ITHACA, NY – Almost a year and a half later, many people — including county officials — are left feeling uncertain about the police standoff that occurred in Danby starting December 30, 2014.
In the aftermath lay a family without a father or a home and a community that felt sad, angry and confused — and maybe even a little frightened — at what seemed like an overreaction and excessive use of force from law enforcement.
[su_spoiler title=”Click here for a summary of the Hornbrook Road Standoff” icon=”chevron-circle”]The Hornbrook Road Standoff was a 61-hour standoff between Danby resident David Cady, 37, and dozens of police officers from Tompkins County, including the Ithaca SWAT team.
Cady was wanted on a bench warrant related to a DUI charge, according to the official after-incident report. When two members of Tompkins County Sheriff’s Department attempted to take Cady into custody, Cady’s wife told them he had a loaded weapon.
Cady barricaded himself in his home. Police tried a variety of tactics to convince him to turn himself in including negotiation, tear gas, concussive devices and heavy equipment that essentially removed walls from the house.
Cady had multiple firearms, and fired one shot at the officers. He created what Sheriff Ken Lansing called a “fatal funnel” at the top of the stairs in his home, which deterred a manned invasion of the home.
Ultimately, on the morning of January 2, 2015, Cady was found dead from a self-inflicted gunshot wound.[/su_spoiler]
The incident is still on the minds of many from Danby and the County Legislature, with the question being: “Did we do the right thing?”
Hoping for an answer
Last year, Deputy County Administrator Paula E. F. Younger set the wheels in motion for a Department of Justice (DOJ) review of the incident.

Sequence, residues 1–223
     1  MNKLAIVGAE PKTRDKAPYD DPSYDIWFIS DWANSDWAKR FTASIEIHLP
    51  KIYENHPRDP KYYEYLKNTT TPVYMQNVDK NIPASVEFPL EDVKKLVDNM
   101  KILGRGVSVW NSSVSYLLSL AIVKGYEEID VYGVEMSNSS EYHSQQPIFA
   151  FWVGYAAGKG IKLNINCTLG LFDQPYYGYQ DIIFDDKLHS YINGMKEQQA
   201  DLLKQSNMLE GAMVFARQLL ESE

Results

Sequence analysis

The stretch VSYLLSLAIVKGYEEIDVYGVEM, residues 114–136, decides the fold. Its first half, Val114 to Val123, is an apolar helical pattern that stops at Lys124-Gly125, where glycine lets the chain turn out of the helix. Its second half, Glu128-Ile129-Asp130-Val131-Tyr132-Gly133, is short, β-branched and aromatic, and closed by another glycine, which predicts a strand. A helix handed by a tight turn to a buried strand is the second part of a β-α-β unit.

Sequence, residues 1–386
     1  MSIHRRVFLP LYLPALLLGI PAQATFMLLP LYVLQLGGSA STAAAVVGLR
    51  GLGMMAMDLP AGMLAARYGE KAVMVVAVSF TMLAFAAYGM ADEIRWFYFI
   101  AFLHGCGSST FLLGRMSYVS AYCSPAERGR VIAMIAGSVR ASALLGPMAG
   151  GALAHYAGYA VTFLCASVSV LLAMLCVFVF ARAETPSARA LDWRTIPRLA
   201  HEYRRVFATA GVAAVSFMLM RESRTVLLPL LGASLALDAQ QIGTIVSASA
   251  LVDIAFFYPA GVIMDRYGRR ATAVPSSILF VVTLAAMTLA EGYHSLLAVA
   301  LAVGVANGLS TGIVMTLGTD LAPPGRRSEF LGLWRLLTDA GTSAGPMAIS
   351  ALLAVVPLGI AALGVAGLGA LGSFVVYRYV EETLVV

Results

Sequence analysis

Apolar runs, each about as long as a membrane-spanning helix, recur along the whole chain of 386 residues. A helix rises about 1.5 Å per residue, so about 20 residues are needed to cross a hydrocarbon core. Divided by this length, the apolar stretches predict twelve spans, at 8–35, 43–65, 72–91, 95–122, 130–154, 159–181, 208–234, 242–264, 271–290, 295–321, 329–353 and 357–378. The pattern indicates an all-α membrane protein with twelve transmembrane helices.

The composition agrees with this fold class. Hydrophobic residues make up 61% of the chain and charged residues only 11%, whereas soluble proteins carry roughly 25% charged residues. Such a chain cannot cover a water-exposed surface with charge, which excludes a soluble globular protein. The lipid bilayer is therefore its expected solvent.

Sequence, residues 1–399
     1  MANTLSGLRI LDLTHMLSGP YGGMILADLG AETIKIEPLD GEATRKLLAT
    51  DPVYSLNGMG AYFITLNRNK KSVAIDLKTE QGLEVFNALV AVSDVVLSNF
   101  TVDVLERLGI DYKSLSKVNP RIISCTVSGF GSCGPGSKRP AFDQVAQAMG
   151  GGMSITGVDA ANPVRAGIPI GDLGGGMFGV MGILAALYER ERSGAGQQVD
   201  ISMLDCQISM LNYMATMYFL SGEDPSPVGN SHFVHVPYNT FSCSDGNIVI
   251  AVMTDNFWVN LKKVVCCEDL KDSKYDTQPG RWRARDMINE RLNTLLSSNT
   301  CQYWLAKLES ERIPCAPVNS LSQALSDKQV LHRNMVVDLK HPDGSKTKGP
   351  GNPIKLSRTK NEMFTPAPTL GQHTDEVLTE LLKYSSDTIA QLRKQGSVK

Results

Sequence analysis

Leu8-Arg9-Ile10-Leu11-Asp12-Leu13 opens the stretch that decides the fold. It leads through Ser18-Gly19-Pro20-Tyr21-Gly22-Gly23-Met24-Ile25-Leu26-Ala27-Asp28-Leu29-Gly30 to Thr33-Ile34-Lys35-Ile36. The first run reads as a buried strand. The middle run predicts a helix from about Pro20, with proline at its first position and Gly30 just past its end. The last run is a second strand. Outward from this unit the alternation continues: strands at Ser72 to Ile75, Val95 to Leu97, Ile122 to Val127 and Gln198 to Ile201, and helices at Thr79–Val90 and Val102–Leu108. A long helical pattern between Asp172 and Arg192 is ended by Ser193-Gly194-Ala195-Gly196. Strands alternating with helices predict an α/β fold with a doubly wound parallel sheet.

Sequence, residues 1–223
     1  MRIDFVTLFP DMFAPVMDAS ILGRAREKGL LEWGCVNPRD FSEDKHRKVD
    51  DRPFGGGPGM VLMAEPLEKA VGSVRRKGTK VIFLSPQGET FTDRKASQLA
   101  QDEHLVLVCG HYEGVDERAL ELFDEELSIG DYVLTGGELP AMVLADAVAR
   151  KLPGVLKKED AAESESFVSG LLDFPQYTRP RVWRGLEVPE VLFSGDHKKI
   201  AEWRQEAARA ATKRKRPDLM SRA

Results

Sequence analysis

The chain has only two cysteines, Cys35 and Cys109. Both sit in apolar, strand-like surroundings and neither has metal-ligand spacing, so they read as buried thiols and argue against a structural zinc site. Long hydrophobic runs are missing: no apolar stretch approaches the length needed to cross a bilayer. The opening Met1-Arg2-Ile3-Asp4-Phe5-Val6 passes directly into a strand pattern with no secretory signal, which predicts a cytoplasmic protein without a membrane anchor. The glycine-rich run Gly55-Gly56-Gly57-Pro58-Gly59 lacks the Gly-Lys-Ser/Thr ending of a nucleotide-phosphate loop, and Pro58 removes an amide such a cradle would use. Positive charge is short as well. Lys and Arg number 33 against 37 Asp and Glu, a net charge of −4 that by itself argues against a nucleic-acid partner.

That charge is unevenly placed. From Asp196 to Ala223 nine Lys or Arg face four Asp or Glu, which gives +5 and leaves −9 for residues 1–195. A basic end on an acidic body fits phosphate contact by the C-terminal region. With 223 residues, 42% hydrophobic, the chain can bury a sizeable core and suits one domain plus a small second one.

In April, DOJ representatives from its Community Oriented Policing Services (COPS) program held two separate meetings: one with town and county officials and one with some members of the public from Danby. Reports from those meetings can be found in the May issue of the Danby Area News.
The ongoing process of the county’s efforts with the DOJ was discussed during Tuesday’s meeting of the Tompkins County Legislature.
Legislator Peter Stein, who chairs the Public Safety Committee, momentarily struggled for words as he tried to encapsulate the situation. “I think it was the … the most amount of time that I have seen our constituents get together extremely unhappy about what we did as a county,” he said.
“I think that the thing that I had been looking for, and which I think most of us had been looking for, is the answer to a simple question: Did we, and by we I mean the Sheriff’s department, do the right thing at that time? And if not, what should we have done? What should we learn from that experience?,” Stein continued.
Stein went on to report that no definitive answer would be forthcoming, as that is not the COPS program’s purpose or goal. They might suggest alternatives or present how such a situation might be handled differently, but there would be no official declaration of “right” or “wrong.”
Another meeting with the DOJ’s COPS representatives, which would be open to the public, is currently being planned.
“We had a discussion about that. We had a very contentious [Public Safety Committee] meeting, because, at the first vote the majority of us felt that what we could expect from the Department of Justice was so lacking in what we really wanted that we really should not have a public meeting at all,” Stein said.